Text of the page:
Themes and Meanings

(Literary Essentials: African American Literature)

Like William Faulkner and many other southern writers, Randall Kenan seems to be obsessed with history. His characters struggle in a web of history and usually fail to extricate themselves. A Visitation of Spirits is a story about homosexual conflicts, but it is also a story about the conflict between the young and the old, between the new generation of African Americans and their ancestors reaching all the way back to the earliest days of slavery. Kenan seems to be suggesting that, sooner or later, a radical change is going to have to take place in the New South. That change will ultimately entail complete racial integration and the forgetting of old grievances. While his young characters struggle to arrive at a new understanding of the present, his old characters cling desperately to the past because of their fear of change.

The deliberate ongoing contrast between the old generation and the new generation is obviously designed to make the reader feel the inexorability and the necessity of change. The characters who represent the old order cause unnecessary pain and confusion by their insistence on clinging to old habits and prejudices. The characters who represent the new order are caught between past and present; they are unable to accept their parents’ and grandparents’ values but, at the same time, are unable to conceptualize the new consciousness that is needed by their society.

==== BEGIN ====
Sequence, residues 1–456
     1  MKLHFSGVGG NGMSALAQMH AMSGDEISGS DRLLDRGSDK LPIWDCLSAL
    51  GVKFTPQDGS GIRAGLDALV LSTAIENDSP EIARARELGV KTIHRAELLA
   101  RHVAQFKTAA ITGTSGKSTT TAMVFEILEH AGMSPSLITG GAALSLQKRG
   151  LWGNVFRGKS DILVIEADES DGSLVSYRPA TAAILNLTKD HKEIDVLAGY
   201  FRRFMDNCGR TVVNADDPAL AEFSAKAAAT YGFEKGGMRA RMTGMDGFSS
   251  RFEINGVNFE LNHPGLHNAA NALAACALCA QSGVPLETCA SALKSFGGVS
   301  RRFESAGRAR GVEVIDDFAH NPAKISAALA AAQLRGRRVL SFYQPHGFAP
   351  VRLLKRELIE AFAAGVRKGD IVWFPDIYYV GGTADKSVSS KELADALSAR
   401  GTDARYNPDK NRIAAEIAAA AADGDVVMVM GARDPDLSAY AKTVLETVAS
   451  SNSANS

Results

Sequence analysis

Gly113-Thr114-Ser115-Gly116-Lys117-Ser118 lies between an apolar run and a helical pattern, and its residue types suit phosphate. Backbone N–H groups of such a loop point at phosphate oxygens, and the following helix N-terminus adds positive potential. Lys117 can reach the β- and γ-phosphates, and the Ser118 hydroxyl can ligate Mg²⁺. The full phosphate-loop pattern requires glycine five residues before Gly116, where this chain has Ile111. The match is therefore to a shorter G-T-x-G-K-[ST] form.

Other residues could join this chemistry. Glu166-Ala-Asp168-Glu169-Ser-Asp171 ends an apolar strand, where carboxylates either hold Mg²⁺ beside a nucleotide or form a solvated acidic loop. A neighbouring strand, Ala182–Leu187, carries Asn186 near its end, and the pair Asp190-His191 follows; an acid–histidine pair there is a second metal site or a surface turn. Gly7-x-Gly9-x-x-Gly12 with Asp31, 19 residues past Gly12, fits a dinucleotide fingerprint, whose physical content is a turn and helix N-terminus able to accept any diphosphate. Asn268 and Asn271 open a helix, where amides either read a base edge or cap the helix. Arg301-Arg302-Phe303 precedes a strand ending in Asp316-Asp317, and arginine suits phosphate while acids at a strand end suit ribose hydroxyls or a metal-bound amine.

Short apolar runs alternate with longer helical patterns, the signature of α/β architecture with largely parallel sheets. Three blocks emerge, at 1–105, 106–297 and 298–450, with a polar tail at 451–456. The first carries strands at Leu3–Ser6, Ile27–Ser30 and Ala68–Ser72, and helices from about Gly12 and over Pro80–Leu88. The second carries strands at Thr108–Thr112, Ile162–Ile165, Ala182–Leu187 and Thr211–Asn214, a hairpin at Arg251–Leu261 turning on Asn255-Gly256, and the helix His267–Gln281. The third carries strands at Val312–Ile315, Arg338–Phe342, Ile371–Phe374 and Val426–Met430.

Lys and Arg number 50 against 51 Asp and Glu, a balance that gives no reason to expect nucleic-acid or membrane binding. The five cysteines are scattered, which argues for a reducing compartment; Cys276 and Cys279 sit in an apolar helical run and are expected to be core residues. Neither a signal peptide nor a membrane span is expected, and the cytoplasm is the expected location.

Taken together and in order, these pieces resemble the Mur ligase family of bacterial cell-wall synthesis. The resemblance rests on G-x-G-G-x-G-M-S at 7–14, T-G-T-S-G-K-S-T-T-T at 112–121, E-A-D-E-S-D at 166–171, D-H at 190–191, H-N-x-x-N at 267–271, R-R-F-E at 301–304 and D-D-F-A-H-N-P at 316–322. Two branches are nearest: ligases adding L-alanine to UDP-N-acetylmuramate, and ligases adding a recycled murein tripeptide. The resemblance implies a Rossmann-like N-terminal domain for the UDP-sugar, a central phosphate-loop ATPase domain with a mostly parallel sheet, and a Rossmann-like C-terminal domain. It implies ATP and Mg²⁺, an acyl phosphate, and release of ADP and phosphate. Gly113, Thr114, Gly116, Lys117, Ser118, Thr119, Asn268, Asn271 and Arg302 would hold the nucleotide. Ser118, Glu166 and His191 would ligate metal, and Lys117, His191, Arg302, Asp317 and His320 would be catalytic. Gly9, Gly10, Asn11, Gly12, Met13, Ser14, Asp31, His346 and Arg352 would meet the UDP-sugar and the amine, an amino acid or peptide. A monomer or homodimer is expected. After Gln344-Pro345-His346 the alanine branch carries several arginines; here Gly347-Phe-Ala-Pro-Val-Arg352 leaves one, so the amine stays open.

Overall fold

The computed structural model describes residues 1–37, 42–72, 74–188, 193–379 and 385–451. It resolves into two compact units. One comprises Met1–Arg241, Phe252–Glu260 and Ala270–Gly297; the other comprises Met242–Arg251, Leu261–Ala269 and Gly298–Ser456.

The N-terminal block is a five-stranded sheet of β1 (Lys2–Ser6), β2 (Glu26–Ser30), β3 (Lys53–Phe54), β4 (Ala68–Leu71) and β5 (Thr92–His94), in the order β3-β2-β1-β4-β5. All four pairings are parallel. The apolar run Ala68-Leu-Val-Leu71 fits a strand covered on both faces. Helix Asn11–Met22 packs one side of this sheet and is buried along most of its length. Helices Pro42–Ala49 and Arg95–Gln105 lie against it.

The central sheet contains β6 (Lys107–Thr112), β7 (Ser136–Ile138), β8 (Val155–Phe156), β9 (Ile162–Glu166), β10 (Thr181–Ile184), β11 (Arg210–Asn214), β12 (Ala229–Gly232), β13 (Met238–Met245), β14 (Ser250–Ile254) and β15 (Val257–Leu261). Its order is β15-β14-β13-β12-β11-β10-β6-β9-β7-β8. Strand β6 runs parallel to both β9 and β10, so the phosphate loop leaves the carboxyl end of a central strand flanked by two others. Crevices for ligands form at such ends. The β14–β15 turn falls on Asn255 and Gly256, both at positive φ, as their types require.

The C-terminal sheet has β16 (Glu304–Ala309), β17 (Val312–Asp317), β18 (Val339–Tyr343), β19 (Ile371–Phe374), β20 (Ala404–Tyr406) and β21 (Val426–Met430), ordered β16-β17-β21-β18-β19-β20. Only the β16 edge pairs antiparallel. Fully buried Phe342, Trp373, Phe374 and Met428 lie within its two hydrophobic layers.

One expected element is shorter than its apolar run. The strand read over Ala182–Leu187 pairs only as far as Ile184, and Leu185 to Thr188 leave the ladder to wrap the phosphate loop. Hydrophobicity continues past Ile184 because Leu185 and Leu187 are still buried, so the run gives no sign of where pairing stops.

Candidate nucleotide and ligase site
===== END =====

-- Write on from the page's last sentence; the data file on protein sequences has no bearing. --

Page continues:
Kenan’s principal concern is with the ways in which the South is changing. He demonstrates these changes by illustrating their effects on the lives of his characters. Neither his young nor his old characters can see that their problems are not personal but universal; Kenan, however, manages to present that broader perspective to the reader. His intelligence, sensitivity, and compassion distinguish him as one of the most important writers to emerge from the New South.

Themes and Meanings

(Masterpieces of American Fiction)

The book’s central themes are memory and communion. These themes merge in the novel’s accounts of hog butchering and tobacco curing, accounts that remind readers of the roots of this novel in people’s rituals of survival and community. These rituals are told in the second person, insistent on remembrance and common ritual: “You’ve seen this [hog killing], haven’t you?” “You’re familiar with this [tobacco curing], aren’t you?” The hog-killing description is entitled “Advent.” The parallel between the hog butchered and Horace dead suggests the community’s role in Horace’s death. Horace as the Christ sacrificed is also suggested in both the title “Advent” and in numerous references to the crucifixion. In a less violent ritual, tobacco curing again draws attention to remembrance: “[I]t is good to remember that people were bound by this strange activity . . . bound by the necessity, the responsibility, the humanity.” The repetition and hard work apparent in the task parallel the life of Jimmy Greene as he lives in 1985, rising at five every morning to work on his sermon, always arriving at the elementary school by seven, and leaving school late in the evening. Jimmy Greene and Horace Cross live the rhythms of their respective rituals, yearning for true community and belonging.

Another theme evident in the story of Horace Cross is the powerful need for transformation. Horace seeks through magic to change himself into a hawk...

(The entire section is 474 words.)